TITLE: Using the Writing Metaphor in Both Directions
AUTHOR: Eugene Wallingford
DATE: February 07, 2008 10:17 PM
I recently came across a SIGCSE paper from 1991 called
Integrating Writing into Computer Science Courses,
by Linda Hutz Pesante, who at the time was affiliated
with the Software Engineering Institute at Carnegie
Mellon. This paper describes both content and technique
for teaching writing within a CS program, a topic that
cycles back into the CS education community's radar every
few years. (CS academics know that it is important even
during trough periods, but their attention is on some
other, also often cyclic, attention-getter.)
What caught my attention about Pesante's paper is that
she tries help software engineers to use their engineering
expertise to the task of writing technical prose. One
of her other publications, a video, even has the enticing
Applying Software Engineering Skills to Writing.
I so often think about applying ideas from other disciplines
to programming, the thought of applying ideas from software
development to another discipline sounded like a new twist.
Pesante's advice on how to teach writing reflects common
practice in teaching software development:
Given Pesante's affiliation with the SEI, her suggestions
for what to teach about writing made a bigger impression
on me. The software engineering community certainly
embraces a broad range of development "methodologies"
and styles but, underlying its acceptance even of
iterative methods, there seems to be a strong emphasis
on planning and "getting things right" the first time.
Her content advice relies on the notion that "writing
and software development have something in common", from
user analysis through the writing itself to evaluation.
As such, a novice writer can probably learn a lot from
how programmers write code. Programmers like to be
creative and explore when they write, too, but they also
know that thinking about the development process can add
structure to a potentially unbounded activity. They use
tools to help them manage their growing base of documents
and to track revisions over time. That part of the
engineer's mindset can come in handy for writers. For
the programmer who already has that mindset, applying
it to the perhaps scary of writing prose can put the
inexperienced writer at ease.
Pesante enumerates a few other key content points:
so that they know what to expect.
- Attend to the writing process, as well as the final
- Use analogies to programming, such as debugging and
- Have students practice, and give them feedback.
The middle two of these especially feel more agile than the
typical software engineering discussion. I think that the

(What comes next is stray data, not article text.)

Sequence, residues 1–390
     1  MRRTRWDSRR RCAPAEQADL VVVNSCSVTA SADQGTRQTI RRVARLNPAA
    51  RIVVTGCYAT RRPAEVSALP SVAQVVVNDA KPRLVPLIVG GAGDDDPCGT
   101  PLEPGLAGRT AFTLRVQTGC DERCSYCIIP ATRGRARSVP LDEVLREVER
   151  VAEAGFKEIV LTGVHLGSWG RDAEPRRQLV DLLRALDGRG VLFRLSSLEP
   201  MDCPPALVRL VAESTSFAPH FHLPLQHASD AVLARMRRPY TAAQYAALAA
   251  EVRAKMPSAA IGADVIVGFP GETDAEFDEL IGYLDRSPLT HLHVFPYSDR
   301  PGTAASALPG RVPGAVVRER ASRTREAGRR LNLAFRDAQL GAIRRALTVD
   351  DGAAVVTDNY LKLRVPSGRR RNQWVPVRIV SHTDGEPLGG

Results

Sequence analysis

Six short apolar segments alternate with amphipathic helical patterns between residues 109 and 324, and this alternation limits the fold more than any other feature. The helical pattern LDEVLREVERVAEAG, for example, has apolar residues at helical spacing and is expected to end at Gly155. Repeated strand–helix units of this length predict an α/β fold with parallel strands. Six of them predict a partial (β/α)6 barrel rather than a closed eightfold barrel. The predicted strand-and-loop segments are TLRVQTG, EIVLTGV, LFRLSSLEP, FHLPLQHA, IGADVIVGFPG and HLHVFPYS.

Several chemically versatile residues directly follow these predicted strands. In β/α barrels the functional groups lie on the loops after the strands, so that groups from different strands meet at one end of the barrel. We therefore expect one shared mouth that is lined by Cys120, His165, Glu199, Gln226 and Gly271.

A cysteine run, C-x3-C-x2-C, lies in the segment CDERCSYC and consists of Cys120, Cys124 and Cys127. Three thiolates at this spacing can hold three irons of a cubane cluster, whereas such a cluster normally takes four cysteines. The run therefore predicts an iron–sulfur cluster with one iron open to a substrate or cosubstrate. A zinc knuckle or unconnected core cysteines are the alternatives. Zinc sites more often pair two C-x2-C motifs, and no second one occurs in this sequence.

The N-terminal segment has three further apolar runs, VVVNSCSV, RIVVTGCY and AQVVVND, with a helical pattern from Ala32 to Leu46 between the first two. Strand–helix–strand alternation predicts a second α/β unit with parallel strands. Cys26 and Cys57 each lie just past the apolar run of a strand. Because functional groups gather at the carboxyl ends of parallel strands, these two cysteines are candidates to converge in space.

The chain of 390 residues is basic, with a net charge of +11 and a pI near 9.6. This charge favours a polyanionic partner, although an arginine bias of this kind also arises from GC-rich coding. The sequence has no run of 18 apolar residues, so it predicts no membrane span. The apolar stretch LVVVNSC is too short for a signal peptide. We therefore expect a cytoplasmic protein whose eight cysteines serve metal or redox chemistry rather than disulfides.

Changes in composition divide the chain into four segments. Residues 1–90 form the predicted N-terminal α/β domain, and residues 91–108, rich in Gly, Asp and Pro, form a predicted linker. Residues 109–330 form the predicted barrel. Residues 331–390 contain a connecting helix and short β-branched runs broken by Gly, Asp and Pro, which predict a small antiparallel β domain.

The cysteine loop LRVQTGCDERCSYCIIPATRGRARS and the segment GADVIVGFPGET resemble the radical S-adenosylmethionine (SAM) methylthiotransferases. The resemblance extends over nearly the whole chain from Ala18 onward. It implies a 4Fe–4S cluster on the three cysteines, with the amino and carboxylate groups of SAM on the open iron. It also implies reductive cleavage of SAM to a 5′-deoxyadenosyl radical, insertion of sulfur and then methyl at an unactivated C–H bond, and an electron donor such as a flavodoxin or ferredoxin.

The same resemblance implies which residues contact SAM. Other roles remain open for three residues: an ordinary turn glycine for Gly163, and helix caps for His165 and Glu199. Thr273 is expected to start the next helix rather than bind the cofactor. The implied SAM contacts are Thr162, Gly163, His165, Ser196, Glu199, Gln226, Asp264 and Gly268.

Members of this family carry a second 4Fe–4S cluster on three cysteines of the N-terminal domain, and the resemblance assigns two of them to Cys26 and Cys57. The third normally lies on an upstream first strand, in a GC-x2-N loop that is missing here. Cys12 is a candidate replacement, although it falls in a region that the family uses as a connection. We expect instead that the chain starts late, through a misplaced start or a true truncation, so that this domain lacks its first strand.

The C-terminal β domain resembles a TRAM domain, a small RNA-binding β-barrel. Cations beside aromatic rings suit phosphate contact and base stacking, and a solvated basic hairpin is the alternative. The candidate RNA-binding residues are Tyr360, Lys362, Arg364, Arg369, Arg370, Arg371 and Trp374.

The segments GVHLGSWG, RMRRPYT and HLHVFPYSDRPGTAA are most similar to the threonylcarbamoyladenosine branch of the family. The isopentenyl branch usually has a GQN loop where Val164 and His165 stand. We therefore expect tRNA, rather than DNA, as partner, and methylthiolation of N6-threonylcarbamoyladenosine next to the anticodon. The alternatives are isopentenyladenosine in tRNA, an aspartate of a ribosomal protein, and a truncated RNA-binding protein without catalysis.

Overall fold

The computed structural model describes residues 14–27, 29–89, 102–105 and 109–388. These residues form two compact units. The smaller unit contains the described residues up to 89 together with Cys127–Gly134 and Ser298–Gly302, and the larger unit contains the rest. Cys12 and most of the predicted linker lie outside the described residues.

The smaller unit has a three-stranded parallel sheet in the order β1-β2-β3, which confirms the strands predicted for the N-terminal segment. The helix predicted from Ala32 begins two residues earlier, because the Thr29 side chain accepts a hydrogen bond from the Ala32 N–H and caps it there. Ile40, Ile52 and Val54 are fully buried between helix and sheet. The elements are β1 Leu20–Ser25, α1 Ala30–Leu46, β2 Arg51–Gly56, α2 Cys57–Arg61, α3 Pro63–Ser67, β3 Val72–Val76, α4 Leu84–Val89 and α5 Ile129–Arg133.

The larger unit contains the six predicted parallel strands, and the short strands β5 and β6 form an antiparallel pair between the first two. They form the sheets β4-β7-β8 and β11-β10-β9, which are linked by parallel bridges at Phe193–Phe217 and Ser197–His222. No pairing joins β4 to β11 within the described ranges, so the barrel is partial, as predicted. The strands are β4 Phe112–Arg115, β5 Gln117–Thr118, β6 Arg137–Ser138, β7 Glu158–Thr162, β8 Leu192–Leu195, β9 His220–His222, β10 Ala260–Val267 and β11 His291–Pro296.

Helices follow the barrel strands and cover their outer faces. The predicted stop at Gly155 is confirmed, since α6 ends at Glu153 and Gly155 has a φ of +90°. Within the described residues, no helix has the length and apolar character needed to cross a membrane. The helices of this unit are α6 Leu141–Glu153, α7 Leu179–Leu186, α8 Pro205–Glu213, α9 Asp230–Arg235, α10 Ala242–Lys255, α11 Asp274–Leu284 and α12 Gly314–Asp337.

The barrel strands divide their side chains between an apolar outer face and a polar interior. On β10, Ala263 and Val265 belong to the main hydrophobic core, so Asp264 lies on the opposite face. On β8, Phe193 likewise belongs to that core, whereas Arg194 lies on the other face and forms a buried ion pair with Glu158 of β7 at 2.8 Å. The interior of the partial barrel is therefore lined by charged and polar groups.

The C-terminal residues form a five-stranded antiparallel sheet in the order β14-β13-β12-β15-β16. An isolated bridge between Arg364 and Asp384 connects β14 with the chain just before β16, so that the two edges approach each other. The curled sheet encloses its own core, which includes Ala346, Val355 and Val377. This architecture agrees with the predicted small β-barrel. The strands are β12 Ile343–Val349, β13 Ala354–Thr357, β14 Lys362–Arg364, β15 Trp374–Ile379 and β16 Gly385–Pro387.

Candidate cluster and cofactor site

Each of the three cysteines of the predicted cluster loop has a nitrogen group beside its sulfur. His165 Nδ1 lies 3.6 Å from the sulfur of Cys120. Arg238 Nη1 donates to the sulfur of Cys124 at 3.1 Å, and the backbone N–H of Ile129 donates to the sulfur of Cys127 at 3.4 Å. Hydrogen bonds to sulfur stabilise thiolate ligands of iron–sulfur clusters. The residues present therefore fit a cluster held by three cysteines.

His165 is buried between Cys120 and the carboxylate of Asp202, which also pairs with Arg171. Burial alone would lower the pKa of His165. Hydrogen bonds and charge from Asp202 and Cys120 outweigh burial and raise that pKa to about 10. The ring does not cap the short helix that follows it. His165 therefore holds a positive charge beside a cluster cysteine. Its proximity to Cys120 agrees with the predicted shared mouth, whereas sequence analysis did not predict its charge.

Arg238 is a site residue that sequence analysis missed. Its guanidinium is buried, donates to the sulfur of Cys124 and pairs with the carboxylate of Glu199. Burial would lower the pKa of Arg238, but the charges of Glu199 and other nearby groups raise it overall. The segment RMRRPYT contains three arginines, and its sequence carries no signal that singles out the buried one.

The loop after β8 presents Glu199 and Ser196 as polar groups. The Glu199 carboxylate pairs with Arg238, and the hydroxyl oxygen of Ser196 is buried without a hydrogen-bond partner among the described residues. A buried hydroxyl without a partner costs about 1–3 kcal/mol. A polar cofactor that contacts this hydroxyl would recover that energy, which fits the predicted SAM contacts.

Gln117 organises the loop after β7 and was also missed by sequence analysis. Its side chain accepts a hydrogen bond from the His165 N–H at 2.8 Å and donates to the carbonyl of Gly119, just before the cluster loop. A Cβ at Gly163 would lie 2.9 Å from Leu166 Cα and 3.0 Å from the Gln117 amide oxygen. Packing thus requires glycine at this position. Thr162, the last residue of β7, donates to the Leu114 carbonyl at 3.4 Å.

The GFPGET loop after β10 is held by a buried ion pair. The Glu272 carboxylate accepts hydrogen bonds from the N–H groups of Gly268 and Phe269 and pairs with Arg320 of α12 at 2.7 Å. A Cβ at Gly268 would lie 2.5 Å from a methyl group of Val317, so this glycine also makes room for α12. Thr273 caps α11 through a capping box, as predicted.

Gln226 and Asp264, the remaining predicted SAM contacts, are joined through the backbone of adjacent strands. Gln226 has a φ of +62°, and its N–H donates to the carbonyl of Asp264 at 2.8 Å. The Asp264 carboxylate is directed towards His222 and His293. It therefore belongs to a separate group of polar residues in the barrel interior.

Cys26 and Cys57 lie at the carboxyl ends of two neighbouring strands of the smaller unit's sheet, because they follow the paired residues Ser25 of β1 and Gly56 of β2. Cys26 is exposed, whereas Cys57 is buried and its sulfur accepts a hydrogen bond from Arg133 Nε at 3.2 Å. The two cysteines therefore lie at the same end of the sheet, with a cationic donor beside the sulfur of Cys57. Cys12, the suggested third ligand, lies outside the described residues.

agile software community's emphasis on short iterations with
frequent releases of working software to the client also
matches quite nicely the last of the bullets. It's all too
easy to do a good job of analysis and planning, produce a
piece of software that is correct by the standards of the
analysis and plan, and find that it does not meet the user's
needs effectively. With user feedback every few weeks,
the development team has many more opportunities to ensure
that software stays on a trajectory toward effectiveness.
Most people readily accept the idea that creative writing
is iterative, non-linear, and exploratory. But I have
heard many technical writers and other writers of
non-creative prose say that their writing also has these
features -- that they often do not know what they had to
say, or what their ultimate product would be, until they
wrote it. My experience as a writer, however limited,
supports the notion that almost all writing is exploratory,
even when writing something so pedestrian as a help sheet
for students using an IDE or other piece of software.
As a result, I am quite open to the notion that
programming -- what many view as the creating of an
"engineered" artifact -- also iterative, non-linear, and
exploratory. This is true, I think, not only for what we
actually call "exploratory programming" but also for more
ordinary programming tasks, where both the client and I
think we have a pretty good handle on what the resulting
programming should do and look like. Often, over the
course of writing an ever-larger program, our individual
and shared understanding of the program evolves. Certainly
my idea of the internal shape of the program -- the
structure, the components, the code itself -- changes as
the program grows. So I think that there is a lot to be
learned going both directions in the writing:programming
- Writing takes place
in a context.
- The writing process is neither linear nor algorithmic.
- The writing process is iterative.
- Correct is not the same as effective.